Stories from the Horowhenua Chronicle archives feature in a new book to be launched by Adopt an Anzac on VJ Day.
Interviews with servicemen who came home after World War II, originally published in the paper, have enhanced the content of the book, which follows the format of research group's first book, Horowhenua and the Great War, 1914-1918 with photos and pen portraits of the men who died.
Remembering…Horowhenua and the Second World War also features stories from soldiers, sailors, airmen, nurses, prisoners of war, a war widow, a war orphan, WAACs, a Normandy veteran and home guards as well as the people who stayed behind and took care of things on the home front.
Among them is a POW, who was in hospital when Italy capitulated, who went to work with the partisans and spent the next two years blowing up bridges and even robbing a bank; a rear gunner on an RAF Wellington bomber who became a prisoner of war and made a model of a clipper ship, now displayed in the Levin RSA, which was smuggled out of the camp in the empty trouser leg of an amputee being repatriated; another POW survived the sinking of a ship transporting prisoners from North African battles to camps in Italy; a soldier who returned to Crete after the war as part of a body retrieval party; and a Post and Telegraph radio operator, a Coastwatcher in the islands, who was executed by the Japanese and whose work wasn't recognised until 72 years later.
Two of the people featured in the book, Nell Dowling and Tony Jones Snr will be at the launch.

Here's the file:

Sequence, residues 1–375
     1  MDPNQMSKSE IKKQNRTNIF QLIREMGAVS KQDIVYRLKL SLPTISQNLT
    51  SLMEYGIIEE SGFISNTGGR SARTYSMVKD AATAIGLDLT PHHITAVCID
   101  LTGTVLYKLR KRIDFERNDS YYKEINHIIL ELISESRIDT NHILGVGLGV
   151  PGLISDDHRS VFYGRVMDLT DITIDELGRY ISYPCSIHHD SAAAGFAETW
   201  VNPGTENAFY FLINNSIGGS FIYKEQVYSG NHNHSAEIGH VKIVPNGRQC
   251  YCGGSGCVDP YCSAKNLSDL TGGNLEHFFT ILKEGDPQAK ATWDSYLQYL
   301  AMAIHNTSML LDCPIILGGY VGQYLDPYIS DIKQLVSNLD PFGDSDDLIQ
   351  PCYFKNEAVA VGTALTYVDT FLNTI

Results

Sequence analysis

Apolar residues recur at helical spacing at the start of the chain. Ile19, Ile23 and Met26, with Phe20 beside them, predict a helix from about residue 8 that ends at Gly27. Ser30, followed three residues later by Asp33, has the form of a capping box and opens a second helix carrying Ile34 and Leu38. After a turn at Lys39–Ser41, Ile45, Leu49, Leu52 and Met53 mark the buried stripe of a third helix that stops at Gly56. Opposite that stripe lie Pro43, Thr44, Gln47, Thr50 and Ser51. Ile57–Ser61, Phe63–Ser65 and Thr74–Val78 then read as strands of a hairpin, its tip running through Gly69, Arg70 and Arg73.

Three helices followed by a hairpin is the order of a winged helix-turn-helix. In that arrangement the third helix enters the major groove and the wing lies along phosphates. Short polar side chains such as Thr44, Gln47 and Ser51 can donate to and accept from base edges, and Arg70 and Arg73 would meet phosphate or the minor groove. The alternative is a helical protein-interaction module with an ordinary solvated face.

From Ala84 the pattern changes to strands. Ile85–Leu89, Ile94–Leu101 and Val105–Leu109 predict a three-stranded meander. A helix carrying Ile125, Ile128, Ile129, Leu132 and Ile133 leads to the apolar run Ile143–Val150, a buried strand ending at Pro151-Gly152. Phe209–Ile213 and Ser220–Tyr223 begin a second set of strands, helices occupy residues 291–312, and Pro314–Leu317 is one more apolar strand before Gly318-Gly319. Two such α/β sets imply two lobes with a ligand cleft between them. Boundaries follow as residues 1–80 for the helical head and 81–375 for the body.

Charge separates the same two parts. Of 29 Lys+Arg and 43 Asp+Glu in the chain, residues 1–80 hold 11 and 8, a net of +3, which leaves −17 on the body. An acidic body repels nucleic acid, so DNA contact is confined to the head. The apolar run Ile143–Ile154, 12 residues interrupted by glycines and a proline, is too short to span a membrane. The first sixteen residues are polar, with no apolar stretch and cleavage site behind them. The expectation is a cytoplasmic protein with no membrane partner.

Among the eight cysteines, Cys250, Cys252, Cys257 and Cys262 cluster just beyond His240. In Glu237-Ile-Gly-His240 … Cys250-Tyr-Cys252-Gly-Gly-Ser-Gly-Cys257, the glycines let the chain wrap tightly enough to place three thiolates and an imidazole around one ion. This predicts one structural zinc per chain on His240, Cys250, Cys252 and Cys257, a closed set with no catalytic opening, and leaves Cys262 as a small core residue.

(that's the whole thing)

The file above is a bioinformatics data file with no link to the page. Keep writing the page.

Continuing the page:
Tony was a British war orphan who was reunited with his mother in England after 70 years apart, thanks to the efforts of Adopt an Anzac researcher Lorraine Wright who found her.
Nell was just 10 years old when the Battle of Arnhem in Holland in 1944 forced her family to flee their home and walk more than 200km to safety in the north of the country. Her memories of the long trek are still vivid.
A history of Horowhenua's memorial halls, men who received honours and awards during the war and four men who died in later conflicts – Vietnam, Malaya and Borneo – are also included.
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"We are delighted to finally be launching our second book," said compiler Linda Fletcher.
"Our original intention was for it to be part of the Levin RSA's 100-year celebration last year, but that had to be delayed while we sought funding for publishing it.
Then after they received a grant from the Lottery Grants Board Environment and Heritage Fund the second launch date, VE Day in May, fell through when the printing was held up by Covid-19.
"August 15, 1945 was the day Imperial Japan surrendered, effectively ending World II, so it is a very appropriate date to be launching our book 75 years later."
Horowhenua and the Great War, 1914-1918 will also be available at the launch, with a discounted price if both volumes are purchased at the same time.
The launch is on Saturday August 15, at the Levin RSA at 2pm.